The creek divides Dubai into two parts – Deira Dubai and Bur Dubai. The creek is 14 Kms long. It now has eight wharfages each capable of catering to 31 ships of capacity of up to 800 tonnes. Around 720,000 tonnes of cargo pass through the creek each year. Only wooden ships are allowed to enter the creek to keep its traditional feature.
Countries which depend on the creek in their trade with Dubai are countries in the Gulf states, Iraq, Iran, Yemen, Somalia and India.
The Creek has played a major role in the economic development achieved by Dubai. Since the early days, when Dubai was a center for pearl fishing and pearl trade, Dubai’s trade development was attributed to the creek.
Ships and dhows from the Gulf, Iran, the Indian subcontinent and even from European coasts called on Dubai. These ships laden with between 200 and 300 Tonnes of cargo used to anchor at the creek to fulfill the needs of the local markets or for re-export purposes, emphasizing the historical position of Dubai as a center for regional trade.
The Creek has constantly been an important and a safe harbor for small and medium size ships which sail to the ports of the Arabian Gulf Region, the countries of the Indian Subcontinent and East Africa, loaded with different goods which are re-exported to these various Regions.
In the early years, only small dhows were able to enter the creek. The bigger vessels had to unload goods into small boats at the entrance of the creek. The lateH.H. Shaikh Rashid bin Saeed Al Maktoum, even before he became the Ruler of Dubai, realized the strategic importance of the creek. He ordered an economic and technical study in 1954 on deepening and widening the creek.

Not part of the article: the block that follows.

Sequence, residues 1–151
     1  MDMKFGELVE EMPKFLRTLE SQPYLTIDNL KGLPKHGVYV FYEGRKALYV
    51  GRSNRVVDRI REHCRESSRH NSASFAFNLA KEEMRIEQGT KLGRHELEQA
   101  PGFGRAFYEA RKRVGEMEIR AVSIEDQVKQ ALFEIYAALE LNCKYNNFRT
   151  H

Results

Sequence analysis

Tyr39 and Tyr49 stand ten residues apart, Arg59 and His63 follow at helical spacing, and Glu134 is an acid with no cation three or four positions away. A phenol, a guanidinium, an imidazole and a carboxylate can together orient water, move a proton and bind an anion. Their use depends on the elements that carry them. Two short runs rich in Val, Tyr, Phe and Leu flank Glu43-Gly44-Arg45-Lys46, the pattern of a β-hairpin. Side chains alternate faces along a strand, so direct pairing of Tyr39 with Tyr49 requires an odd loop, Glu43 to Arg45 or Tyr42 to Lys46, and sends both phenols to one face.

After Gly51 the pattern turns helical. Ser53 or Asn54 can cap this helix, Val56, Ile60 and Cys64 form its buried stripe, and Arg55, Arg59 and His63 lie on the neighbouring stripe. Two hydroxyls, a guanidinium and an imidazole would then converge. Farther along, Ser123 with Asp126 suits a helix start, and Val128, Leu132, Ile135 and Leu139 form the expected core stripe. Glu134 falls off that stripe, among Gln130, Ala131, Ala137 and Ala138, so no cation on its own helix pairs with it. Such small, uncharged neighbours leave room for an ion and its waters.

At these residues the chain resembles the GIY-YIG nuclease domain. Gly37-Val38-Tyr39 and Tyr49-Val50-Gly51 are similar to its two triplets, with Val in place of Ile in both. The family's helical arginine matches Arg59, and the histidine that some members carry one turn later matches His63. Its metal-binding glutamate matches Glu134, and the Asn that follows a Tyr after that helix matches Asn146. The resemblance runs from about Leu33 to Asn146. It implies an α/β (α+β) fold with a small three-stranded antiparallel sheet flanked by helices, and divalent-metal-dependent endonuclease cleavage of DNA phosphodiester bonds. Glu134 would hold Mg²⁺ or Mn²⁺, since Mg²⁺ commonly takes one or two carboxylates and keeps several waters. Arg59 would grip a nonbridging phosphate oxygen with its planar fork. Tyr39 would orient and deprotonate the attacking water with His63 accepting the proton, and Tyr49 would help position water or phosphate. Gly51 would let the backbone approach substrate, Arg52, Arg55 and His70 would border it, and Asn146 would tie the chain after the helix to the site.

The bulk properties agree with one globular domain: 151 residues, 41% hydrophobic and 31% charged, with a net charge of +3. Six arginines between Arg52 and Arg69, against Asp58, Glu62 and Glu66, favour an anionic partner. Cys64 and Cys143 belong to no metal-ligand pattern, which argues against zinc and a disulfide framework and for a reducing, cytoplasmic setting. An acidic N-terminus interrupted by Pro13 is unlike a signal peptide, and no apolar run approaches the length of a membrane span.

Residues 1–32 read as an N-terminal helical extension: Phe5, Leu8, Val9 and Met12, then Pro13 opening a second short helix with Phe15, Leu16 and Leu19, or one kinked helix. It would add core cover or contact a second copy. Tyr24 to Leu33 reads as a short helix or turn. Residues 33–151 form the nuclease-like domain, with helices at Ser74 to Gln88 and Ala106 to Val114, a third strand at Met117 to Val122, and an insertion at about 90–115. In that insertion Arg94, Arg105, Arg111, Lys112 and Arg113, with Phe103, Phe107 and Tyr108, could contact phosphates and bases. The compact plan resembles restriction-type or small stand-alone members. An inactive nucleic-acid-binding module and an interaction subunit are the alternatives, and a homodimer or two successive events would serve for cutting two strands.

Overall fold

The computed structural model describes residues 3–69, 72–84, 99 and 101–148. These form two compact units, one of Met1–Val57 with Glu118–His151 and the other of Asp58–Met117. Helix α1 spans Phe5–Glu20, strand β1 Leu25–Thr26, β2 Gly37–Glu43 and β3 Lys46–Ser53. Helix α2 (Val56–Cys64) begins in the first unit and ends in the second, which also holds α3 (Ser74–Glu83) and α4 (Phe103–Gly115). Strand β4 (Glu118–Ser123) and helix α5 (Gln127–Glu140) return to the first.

Despite the lack of financial resources at that time to cover the cost of the project, a fund called the “Dubai Creek Dredging Fund” was established with a sum of Two hundred thousand pounds sterling . It was paid by one of the operating banks in Dubai, along with another four hundred thousand pounds sterling paid as a loan by Kuwait.
Initially, a canal 4000 ft long and six ft deep was dug and in the second stage sheet piling of length 1200 ft and 11,700 ft was laid on both sides of the creek. as a result, shipping movement increased and ships of a capacity of 500 tonnes were able to enter the creek. Upon completion of the dredging operations, it was necessary to link both sides with permanent bridges and hence the Al Maktoum bridge was completed in 1964. With the discovery of oil in 1967, a mobile part of the bridge was introduced in 1968 to facilitate the movement of oil tankers.
With the increasing trade movement and hence the increase in number of cars and other vehicles it was vital to solve the problems of traffic jams on Al Maktoum bridge. The Al Shindagah undersea tunnel was completed in two years time in 1967.
Abras (small wooden boats) serve as taxis for those who want to cross from the Deira side to the Bur Dubai side. The journey takes around ten minutes and costs just 50 fils.
An imaginative way of seeing Dubai is to take a tour of the creek by traditional wooden dhow or cabin cruiser. Most of the major landmarks can be seen from the waterway. Daytime or evening cruises are available with food and beverages on board.